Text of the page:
A Shvitz in the Steppe: Almaty, Kazakhstan’s Arasan Baths

In a past life (circa 2009), David managed the local Russian bath here in Seattle.  It was there that he met our friend Helmut, who happened to be traveling with us in Kazakhstan and Kyrgyzstan this past September.  So it made perfect sense that we spend an afternoon in Almaty’s Arasan Baths, famous for being the largest and most opulent of all public baths in Central Asia.

The combination of David’s history with the banya and my living experiences in bath-intensive places like Japan and Korea make us avid bath and hot springs travelers.  We seek them out nearly every place we go, from traditional Turkish hammams in Istanbul, to traditional Northern European spas in the Baltics.  Public baths are a great place to get to know a culture, as they are frequently social hubs, where people gather to not only soak away the aches of the day, but also to gossip about the neighborhood’s goings on. Read more

Renewing our Vows at a Post-Soviet Wedding Palace: Almaty and Bishkek

Unlike our time in Southeast Asia this past May, where we were pleasantly surprised by several examples of our favorite architectural styles in Phnom Penh, I knew leading up to our Central Asia trip that Almaty and Bishkek would be tremendous places for modernist/brutalist architecture spotting and photography. Thanks to several books I’ve collected over the years and some mildly creepy Instagram stalking, I already knew the places I wanted to see in both cities. I’ve always been particularly captivated by Soviet Wedding Palaces, and prior to this trip we’d seen some great examples, most notably being those in Tbilisi, Georgia and Vilnius, Lithuania. And while not much has been written (in English, anyway) on Almaty’s Wedding Palace, Bishkek’s Wedding Palace has been well documented all over the internet – particularly well by this post by Cooper Thomas, a former Bishkek expat.

Almaty Palace of Weddings
Almaty Palace of Weddings
Bishkek Palace of Weddings
Bishkek Palace of Weddings

Wedding Palaces served a very interesting role in Soviet society – a role which continues today in many post-Soviet nations: to gather information, making sure every couple is properly registered. It seems like the actual ceremony plays second fiddle to the act of registering itself. Despite this, it appears that weddings in the post-Soviet world have adapted to incorporate the more conspicuous displays of wealth commonplace in American weddings. The weddings held in these Wedding Palaces aren’t traditional to the region – contracts between families and festivities that usually linger for weeks – but instead more closely mimic their Western counterparts. Official documents are signed, then couples are whisked off in a fancy car, often back to everyday life. Read more

Almaty, Kazakhstan, Dressed in Resplendent Concrete

The first stop on our whirlwind tour of Central Asia was Kazakhstan’s former capital, Almaty.  It remains the largest city in the country, as well as its cultural epicenter.  My knowledge of the city was somewhat lacking (aside, that is, from my standard furious pre-trip googling and wiki-ing), and the city threw me through a loop.  Not because of culture shock – actually, it was quite the opposite.  Almaty was strange to me because of how cosmopolitan, ostentatious, and developed it was, thanks in large part to the Central Asian (primarily Kazakh) oil boom.stans-2016-13_29877361666_o stans-2016-127_29877426286_o Read more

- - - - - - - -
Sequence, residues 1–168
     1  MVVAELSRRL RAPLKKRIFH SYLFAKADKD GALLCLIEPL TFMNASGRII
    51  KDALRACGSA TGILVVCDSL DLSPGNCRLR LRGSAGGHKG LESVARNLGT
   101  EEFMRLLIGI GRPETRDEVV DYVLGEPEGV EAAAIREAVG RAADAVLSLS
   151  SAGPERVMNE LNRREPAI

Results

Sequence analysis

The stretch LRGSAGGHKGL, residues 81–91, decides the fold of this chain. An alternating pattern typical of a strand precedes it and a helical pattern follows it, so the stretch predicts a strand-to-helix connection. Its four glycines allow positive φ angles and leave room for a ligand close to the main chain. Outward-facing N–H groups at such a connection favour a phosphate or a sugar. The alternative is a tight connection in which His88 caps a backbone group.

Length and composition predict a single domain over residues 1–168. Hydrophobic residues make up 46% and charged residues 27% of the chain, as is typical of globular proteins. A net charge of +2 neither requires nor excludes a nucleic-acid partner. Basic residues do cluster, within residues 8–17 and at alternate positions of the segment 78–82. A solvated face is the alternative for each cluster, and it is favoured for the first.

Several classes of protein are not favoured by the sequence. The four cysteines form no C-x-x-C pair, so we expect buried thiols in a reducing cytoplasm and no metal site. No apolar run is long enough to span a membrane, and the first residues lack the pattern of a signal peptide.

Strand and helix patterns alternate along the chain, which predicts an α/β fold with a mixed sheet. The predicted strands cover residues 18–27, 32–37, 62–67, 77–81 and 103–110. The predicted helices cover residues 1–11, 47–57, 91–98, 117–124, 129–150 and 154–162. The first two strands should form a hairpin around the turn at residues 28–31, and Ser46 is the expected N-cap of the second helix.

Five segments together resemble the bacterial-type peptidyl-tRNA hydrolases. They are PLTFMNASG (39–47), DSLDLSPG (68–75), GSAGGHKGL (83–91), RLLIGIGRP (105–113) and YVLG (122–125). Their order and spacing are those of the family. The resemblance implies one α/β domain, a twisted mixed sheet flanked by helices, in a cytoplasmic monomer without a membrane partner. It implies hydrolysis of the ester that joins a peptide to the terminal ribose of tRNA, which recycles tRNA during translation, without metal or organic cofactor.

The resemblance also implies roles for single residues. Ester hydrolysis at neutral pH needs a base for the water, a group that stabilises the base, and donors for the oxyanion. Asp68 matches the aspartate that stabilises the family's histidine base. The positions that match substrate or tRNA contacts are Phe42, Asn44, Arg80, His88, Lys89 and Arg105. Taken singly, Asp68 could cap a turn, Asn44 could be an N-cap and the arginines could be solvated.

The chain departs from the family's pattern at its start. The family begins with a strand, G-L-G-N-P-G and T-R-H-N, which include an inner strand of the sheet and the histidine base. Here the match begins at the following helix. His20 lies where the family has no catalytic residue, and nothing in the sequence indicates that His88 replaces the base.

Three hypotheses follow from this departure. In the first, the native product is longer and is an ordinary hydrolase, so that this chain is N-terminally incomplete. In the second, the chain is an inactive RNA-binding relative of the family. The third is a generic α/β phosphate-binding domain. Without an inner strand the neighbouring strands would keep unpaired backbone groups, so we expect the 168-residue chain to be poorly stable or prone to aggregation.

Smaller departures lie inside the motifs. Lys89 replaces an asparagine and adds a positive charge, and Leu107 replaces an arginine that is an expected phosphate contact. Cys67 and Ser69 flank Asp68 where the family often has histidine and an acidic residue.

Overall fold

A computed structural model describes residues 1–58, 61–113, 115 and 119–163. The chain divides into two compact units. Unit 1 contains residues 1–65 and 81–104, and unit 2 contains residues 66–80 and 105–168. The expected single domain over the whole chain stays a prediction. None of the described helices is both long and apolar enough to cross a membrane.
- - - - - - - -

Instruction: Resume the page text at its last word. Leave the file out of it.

Where are the Tourists in Central Asia?

It’s been a few weeks since our return from Central Asia, and I think I’ve had ample time to process our amazing experience there. One of the things we noticed throughout our time there was the near complete lack of tourists. With the exception of the odd Dutch or Israeli traveler, we met very few other travelers on the road. With all Central Asia has to offer, from crumbling modernist concrete to majestic scenery to extremely inexpensive transportation and cost of living, we were constantly wondering, “Why are we the only ones here?”

So I went about gathering opinions about why Central Asia (granted, we were only in Kazakhstan and Kyrgyzstan) seems to fly under the radar when it comes to travel destinations. To be fair, this is not a statistical study, as my sample size was about five, including my parents and others who might have some trouble identifying the stans on a map. Hey, I never claimed to be a mathematician.img_1958 img_2092 img_2222 Read more

Big Concrete and Bigger Nature: Central Asia 2016

For as long as I can remember, I’ve been captivated by Central Asia.  My father runs an antique rug store in the Seattle area, and since I was a wee child I’ve been surrounded by Central Asian textiles, from Uzbek suzanis to Kyrgyz shyrdaks.  For one reason or another, I’ve yet to make it to the region from whence these textiles came, but that is about to change.  David and I are heading on our second trip of the year – to Kazakhstan and Kyrgyzstan.  And I couldn’t be more excited about it.

Source: https://www.flickr.com/photos/depenbusch/
Source: https://www.flickr.com/photos/depenbusch/
Source: https://www.flickr.com/photos/mibuchat/
Source: https://www.flickr.com/photos/mibuchat/

I long thought that Central Asia wouldn’t happen for me until I was older – its remoteness proved to be a hindrance, with only expensive and lengthy flights serving the region from my relative backwater of Seattle.  However, with Momondo flight alerts set, I stumbled upon round trip tickets to Almaty, the former capital of Kazakhstan, for under $1,000 and with only one stop (in Frankfurt, of course), for precisely the times David and I would be able to travel.  I jumped, and bought the tickets, and decided to figure the rest out as the cards fell. Read more